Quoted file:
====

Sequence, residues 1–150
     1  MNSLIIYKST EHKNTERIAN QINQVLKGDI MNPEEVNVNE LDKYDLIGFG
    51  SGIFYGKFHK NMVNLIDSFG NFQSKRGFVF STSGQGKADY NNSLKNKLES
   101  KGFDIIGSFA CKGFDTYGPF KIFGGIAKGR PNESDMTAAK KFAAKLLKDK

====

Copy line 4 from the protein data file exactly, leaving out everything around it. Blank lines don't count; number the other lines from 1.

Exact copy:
   101  KGFDIIGSFA CKGFDTYGPF KIFGGIAKGR PNESDMTAAK KFAAKLLKDK